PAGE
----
Take the 2-minute tour ×
Stack Overflow is a question and answer site for professional and enthusiast programmers. It's 100% free, no registration required.

I've got a mobile app that makes POST requests to a Django site.

I want to return a simple string (not a template-based page) after the app makes the POST request, saying 'Success' or 'Failure' (EDIT: plus a bit of extra info) as appropriate.

**EDIT: note that it's not a browser making the request, it's an app (so there's no BACK button involved) and I'd like to do some extra app-side work based on the results of the POST request - basically I want to hand back some information.*

However I know that after a POST request in Django you're supposed to do a HttpResponseRedirect. But, do I really need to redirect to another page and write a new function to handle it, all to output a string?

And if so, how do I pass the success/failure status of the app in the HttpResponseRedirect, since it's only supposed to take one argument?

Thanks!

share|improve this question

4 Answers 4

If this is a user-generated POST (standard web site), then S. Lott's advice is correct.

But if you're POSTing as an API call, then just return the string. On a mobile device, the customer pays for every HTTP request.

share|improve this answer
    
Thanks. Is it safe to do a HttpResponse, setting the status_code and content appropriately, and NOT a redirect, then? (Note that there's no browser involved, so no 'back' button for the user to hit. The POST request is created within the mobile app's code.) –  AP257 Mar 15 '10 at 19:22
    
Of course, any response (no matter the request type) can return data with a status_code. –  Frank Krueger Mar 15 '10 at 19:26
    
Well... A response with a 401 status will trigger validation on the browser. A response with a 301 is a redirect. The status code is what triggers the browser to do (or not do) certain things. You shouldn't randomly change status codes. –  S.Lott Mar 15 '10 at 19:59

do I really need to redirect to another page and write a new function to handle it, all to output a string?

Yes.

If they hit "Back" on the browser, you'll wish you had provided a redirect-after-post.

If you don't redirect and they hit "Back" on the browser, they could repost the form again. You probably don't want to deal with that, so it's easier to redirect after post.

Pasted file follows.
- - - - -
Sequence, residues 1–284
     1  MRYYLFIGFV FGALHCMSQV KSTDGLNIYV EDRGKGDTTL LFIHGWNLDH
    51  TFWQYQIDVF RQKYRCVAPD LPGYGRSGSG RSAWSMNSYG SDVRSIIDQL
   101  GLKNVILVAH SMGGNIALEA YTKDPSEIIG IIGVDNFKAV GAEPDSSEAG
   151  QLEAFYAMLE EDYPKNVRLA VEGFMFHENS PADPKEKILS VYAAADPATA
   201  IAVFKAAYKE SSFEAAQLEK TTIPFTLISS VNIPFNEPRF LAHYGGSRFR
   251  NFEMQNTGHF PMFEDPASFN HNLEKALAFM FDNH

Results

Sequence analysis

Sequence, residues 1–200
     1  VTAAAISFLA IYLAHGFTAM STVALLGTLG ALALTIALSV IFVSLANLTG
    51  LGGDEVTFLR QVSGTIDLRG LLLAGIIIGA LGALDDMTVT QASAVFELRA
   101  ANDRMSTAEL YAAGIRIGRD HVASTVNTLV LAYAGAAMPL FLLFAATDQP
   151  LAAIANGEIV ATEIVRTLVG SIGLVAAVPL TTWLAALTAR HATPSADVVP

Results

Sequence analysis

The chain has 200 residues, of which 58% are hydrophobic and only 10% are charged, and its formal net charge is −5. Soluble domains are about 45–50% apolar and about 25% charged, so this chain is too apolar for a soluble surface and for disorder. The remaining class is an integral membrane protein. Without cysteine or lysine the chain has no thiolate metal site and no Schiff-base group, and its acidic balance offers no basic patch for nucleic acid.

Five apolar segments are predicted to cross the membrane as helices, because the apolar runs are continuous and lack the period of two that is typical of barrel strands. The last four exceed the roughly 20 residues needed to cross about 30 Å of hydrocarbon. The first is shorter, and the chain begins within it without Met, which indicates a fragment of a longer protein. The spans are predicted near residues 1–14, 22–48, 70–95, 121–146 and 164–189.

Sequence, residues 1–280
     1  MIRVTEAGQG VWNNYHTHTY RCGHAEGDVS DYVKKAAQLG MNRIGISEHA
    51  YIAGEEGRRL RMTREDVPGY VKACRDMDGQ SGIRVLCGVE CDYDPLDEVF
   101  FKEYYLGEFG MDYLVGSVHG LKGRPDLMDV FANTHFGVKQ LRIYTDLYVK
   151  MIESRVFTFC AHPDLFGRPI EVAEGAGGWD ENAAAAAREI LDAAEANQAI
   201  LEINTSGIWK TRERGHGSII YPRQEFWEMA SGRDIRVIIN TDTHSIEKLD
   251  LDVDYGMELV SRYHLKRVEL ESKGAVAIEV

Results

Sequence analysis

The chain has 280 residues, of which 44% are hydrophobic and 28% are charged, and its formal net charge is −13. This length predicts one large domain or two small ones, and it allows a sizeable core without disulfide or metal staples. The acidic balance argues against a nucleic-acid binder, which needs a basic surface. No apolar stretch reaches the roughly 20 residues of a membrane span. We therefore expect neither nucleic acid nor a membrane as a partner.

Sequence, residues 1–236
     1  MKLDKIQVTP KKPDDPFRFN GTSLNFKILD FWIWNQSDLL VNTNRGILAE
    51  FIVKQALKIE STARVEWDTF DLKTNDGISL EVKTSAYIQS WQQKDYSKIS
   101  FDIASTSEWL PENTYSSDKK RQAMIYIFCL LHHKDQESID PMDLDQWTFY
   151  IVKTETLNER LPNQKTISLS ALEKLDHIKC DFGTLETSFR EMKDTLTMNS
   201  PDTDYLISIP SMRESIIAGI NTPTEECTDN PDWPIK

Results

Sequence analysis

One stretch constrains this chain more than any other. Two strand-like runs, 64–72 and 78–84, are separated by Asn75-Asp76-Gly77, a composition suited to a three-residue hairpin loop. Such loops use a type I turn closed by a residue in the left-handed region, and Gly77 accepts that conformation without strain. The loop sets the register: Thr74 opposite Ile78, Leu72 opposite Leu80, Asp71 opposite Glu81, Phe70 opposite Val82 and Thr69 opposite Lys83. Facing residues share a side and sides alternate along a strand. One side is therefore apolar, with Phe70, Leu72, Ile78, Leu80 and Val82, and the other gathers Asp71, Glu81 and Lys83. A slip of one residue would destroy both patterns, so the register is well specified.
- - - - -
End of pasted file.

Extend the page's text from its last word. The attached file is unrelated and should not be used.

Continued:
how do I pass the success/failure status of the app in the HttpResponseRedirect

See this: http://docs.djangoproject.com/en/dev/ref/request-response/#django.http.HttpResponse.status_code

Edit

If there's no browser, then there's no back button. Since there's no back button, there's no need for a redirect.

"after a POST request in Django you're supposed to do a HttpResponseRedirect"

Doesn't make any sense. You're not "supposed" to do it. Django helps you do it.

You do not redirect after POST as part of web services.

You must redirect after POST to help people use their browser.

share|improve this answer
    
Thanks. Slight confusion - the Django docs (on the page you posted) say HttpResponseRedirect takes "a single argument, the path to redirect to". Can I really add a status code to it as well? –  AP257 Mar 15 '10 at 18:58
    
The Response is a status code of 301. It doesn't make sense to change the status code of a Redirect because it wouldn't be a redirect with a different status code. What are you trying to do? Please update your question to explain how you can "redirect" without returning a status code of 301? –  S.Lott Mar 15 '10 at 19:22
    
Argh, sorry, I just don't understand. I want to send the app back a simple string with some info included. And I want to be safe - I don't know whether not using HttpResponseRedirect is a security error, or whether it's only actually required after POST requests from browsers. –  AP257 Mar 15 '10 at 19:29
    
HttpResponseRedirect is not a "security" error, it happens all the time. It's required to make your page usable. It's done with a 301 status code. You really don't have any choices in this. Please update your question to be more specific about your problem. –  S.Lott Mar 15 '10 at 19:58
    
I think you may have misread. I know that HttpResponseRedirect is not a security error: my question is whether not using it is a security error, in a situation where there is no browser to worry about. –  AP257 Mar 15 '10 at 20:01

As S.Lott says, yes you really do want to redirect.

However I'm not sure what you mean about showing the 'success/failure status of the app" after the redirect. The redirect should only happen if the POST was successful; otherwise, you'd redisplay the form with any validation errors showing.

share|improve this answer
    
I haven't explained my question well. It's a mobile app sending the request. There's no browser involved. I need the app to grab the string, look at the response (which includes the value of different variables) and do some processing. Basically what I need is to return a 400 response and some extra info, probably in XML or json form. –  AP257 Mar 15 '10 at 19:01

Is there javascript? Then maybe you could make an ajax request and simply change the content after the result comes. That should also prevent problems from 'Back' and you don't need to redirect.

share|improve this answer

Your Answer

 
discard

By posting your answer, you agree to the privacy policy and terms of service.

Not the answer you're looking for? Browse other questions tagged or ask your own question.